It was Eric Cantona who disparagingly coined the name ‘water carrier’ for Didier Deschamps in the late 1990s, having lost the French captaincy and his place in their Euro 96 squad after attacking a Crystal Palace fan. The nickname was an insult, mocking Deschamps’ limited footballing skill but, make no mistake, he was one of the finest defensive midfielders of his era, and, more importantly, he knew how to lead his side to tournament success.
He captained a Cantona-less France to their first-ever World Cup win in 1998, and followed it up with Euro 2000 success two years later. He is the most successful French captain of all time, and 20 years after his World Cup success he lifted the trophy again, this time as manager of Les Bleus.
Deschamps played the game in the same way he manages. Practicality and defensive football may be his primary concern, but this is how you win tournaments. He was always there to sweep up any dangerous attacks and then play the ball to the more gifted attackers in his side, while his leadership ability and communication skills meant his transition into management was a smooth one as he took Monaco to the Champions League final and won Ligue 1’s Manager of the Year award.
He achieved an awful lot in his club managerial career. He won Serie B with Juventus in the most turbulent spell in their history while he also led Marseille to the Ligue 1 title in his homeland. But the job he has done rebuilding a chaotic France side has been his greatest success.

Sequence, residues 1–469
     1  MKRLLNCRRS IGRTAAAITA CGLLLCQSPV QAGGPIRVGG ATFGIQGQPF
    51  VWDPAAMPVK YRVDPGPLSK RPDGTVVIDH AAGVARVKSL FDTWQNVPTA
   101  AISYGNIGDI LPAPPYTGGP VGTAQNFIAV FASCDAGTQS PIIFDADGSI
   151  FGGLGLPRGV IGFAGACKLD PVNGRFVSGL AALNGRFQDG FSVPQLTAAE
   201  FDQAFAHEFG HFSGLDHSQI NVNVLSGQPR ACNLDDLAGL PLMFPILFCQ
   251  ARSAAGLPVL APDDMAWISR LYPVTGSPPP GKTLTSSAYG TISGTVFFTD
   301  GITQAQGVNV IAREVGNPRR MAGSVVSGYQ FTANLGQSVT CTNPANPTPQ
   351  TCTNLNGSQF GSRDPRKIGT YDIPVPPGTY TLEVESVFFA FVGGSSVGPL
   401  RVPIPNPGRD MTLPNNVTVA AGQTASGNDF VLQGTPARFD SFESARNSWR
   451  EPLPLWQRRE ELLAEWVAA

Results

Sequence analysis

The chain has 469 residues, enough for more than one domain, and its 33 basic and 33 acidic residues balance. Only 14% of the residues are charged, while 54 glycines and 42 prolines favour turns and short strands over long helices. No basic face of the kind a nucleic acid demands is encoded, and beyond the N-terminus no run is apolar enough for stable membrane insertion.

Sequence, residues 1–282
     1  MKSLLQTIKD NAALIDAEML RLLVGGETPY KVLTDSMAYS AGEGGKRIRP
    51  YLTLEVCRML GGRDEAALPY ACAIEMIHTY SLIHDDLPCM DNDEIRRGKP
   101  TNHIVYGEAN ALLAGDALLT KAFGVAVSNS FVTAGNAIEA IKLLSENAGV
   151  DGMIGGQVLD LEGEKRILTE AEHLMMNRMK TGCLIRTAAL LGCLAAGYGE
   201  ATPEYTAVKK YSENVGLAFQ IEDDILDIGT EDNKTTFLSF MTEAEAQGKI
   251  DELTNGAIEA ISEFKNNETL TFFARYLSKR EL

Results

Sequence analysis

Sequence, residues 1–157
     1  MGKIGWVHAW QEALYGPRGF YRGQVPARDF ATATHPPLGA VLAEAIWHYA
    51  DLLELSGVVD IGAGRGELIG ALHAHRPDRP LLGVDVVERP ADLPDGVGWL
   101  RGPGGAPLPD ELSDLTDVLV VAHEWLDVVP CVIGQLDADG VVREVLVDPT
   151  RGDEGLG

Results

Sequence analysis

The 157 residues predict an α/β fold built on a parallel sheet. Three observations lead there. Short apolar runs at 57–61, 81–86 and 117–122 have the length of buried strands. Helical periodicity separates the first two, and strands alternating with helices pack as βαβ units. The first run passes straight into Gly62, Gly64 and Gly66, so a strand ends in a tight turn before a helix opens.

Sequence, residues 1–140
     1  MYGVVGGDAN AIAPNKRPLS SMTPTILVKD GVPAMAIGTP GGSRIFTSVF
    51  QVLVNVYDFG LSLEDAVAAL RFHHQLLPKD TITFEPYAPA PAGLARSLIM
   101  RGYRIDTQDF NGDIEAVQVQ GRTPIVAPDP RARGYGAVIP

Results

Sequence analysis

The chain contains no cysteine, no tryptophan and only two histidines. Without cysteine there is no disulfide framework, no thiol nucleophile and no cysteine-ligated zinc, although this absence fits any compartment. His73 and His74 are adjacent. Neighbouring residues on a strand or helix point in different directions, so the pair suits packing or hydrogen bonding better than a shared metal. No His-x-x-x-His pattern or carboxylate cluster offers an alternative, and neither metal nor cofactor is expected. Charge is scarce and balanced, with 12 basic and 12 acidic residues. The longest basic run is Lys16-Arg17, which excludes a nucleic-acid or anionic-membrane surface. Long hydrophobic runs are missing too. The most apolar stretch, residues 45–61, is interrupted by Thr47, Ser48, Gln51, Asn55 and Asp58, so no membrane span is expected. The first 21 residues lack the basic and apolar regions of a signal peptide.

He took the job in 2012 after their baffling 2010 World Cup campaign which saw the squad fall apart, and since then they have been steadily growing, reaching the final of Euro 2016 before winning the World Cup in Russia. Yes, he has perhaps the finest international squad in the world at his disposal, but it has been his tactical ability to manage games and get the best out of his star names that has really come to the fore.
In 2018 he played a hybrid 4-2-3-1 system that morphed into a 4-1-2-1-2, while it is this diamond system that looks likely to carry France to glory this time around. His decision to play Blaise Matuidi on the left of a midfield three some years ago drew criticism at the time, but it quickly became apparent that this gave Kylian Mbappe, the greatest youngster on the planet, the license to attack at will down the right.
This time, with Karim Benzema surprisingly recalled back into the squad, he has even more attacking talent to call upon. Against Germany he paired the Real Madrid striker with Mbappe up front, as Antoine Griezmann took the number 10 position, but it was the midfield trio which would have brought him the most joy.
Paul Pogba played on the right of the three, with Adrien Rabiot now fulfilling the ‘Matuidi’ role on the left. But in N’Golo Kante, Deschamps has the opportunity to call upon the best defensive midfielder in the world. Kante is everywhere and, much like Deschamps himself, he is happy to be the ‘water carrier’ for this team, retrieving the ball and supplying the huge array of attacking talent in this side.
Yes, France are blessed with a squad of which the rest of the world are jealous. They are clear favourites to win this tournament and have made a strong start to the competition, but winning Euro 2020 with the best squad is not as easy as it sounds.
Deschamps has proved he has the tactical nous to win tournaments, can beat the big teams, and has once again found the perfect balance between attack and defence. France’s ‘water carrier’ could well lead them to back-to-back international successes, as he did over two decades ago.